“In the run-up to the second round, however, the more centrist candidates joined forces and pushed the center-right candidate Guillermo Lasso to a surprising victory in the runoff,” said Sones. Following that outcome, Ecuadorian short-term bonds fell from $ 50 after Arauz’s primary gain to over $ 80 after Lasso’s win.
Of course, things could turn out much less favorably than they did for Argentina. Sones reported how then-President Mauricio Macri embarked on an ambitious program of budgetary restraint and structural renewal in 2018, as the country had only been the beneficiary of the IMF’s largest bailout until then. While this austerity program wowed global debt investors, it put the electorate to the test and voted in 2019 to replace Macri with left-liberal populist Alberto Fernandez.
“Since then, the budget deficit has worsened and the Argentine peso has fallen,” Sones said, noting that the country defaulted for the ninth time in its history last year, with its US bonds trading at around 35 cents dollars today. “Meanwhile, foreign exchange reserves are close to zero … making it extremely difficult, if not impossible, for Argentina to make debt payments to the IMF or anyone else.”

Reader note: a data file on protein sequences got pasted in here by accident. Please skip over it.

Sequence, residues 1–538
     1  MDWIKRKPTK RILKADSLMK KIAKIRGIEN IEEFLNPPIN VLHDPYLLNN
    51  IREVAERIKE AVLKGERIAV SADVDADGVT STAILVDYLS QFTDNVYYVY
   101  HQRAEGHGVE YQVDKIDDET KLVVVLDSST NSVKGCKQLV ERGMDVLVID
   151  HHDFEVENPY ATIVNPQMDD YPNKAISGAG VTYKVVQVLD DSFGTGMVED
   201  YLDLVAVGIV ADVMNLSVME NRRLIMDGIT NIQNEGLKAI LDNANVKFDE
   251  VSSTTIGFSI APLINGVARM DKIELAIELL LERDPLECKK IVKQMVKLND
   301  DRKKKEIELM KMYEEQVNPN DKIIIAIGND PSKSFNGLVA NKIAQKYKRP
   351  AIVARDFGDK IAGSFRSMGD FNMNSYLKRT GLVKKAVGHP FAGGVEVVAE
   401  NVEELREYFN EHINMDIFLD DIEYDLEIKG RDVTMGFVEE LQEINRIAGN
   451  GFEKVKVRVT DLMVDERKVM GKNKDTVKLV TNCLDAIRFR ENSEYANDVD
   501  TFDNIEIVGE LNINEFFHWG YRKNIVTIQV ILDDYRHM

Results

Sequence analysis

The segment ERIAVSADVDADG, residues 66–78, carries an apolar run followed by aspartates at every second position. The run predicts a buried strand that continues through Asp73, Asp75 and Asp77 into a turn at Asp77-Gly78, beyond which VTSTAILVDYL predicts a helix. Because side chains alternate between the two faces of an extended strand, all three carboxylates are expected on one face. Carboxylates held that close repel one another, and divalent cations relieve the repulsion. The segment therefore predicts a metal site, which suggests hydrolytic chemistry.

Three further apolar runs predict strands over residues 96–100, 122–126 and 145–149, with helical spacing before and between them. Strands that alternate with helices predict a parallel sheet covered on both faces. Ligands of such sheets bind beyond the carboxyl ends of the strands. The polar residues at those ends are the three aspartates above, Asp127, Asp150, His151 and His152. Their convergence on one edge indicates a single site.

These contrasting examples, he said, show how different the fate of emerging markets can be and how some emerging market bonds suppressed by political concerns could significantly increase their price if the concerns surrounding them prove unfounded. In addition, developing countries that are highly exposed to the global economy today may benefit from a post-COVID recovery tomorrow.
“In this day and age where yields are low and bond class spreads are tight, it makes sense for fixed income investors to have the flexibility to consider some exposure to EM bonds that could take advantage of situations when where politics and economic reforms are at play, “said Sones. “However, the risks can be high and it is important to be thoughtful and avoid bias.”